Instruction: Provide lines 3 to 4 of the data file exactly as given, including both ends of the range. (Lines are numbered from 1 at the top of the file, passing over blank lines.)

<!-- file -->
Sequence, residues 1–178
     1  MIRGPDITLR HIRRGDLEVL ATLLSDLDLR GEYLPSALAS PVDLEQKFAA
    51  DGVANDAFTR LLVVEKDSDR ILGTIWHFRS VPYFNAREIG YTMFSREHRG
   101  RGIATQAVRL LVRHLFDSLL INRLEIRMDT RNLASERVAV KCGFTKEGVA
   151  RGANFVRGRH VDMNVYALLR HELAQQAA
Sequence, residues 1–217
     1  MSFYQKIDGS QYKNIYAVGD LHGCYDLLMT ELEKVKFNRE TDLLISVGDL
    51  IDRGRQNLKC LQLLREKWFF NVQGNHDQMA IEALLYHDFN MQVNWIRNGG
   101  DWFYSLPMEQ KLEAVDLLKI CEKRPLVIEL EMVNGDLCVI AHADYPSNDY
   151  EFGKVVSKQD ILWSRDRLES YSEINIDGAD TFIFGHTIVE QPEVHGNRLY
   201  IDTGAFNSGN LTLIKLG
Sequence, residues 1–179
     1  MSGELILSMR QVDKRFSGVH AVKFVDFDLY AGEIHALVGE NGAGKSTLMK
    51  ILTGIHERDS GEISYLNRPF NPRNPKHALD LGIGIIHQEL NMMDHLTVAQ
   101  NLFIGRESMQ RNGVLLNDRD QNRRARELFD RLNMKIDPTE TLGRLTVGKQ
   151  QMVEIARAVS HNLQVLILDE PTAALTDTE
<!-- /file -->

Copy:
    51  DGVANDAFTR LLVVEKDSDR ILGTIWHFRS VPYFNAREIG YTMFSREHRG
   101  RGIATQAVRL LVRHLFDSLL INRLEIRMDT RNLASERVAV KCGFTKEGVA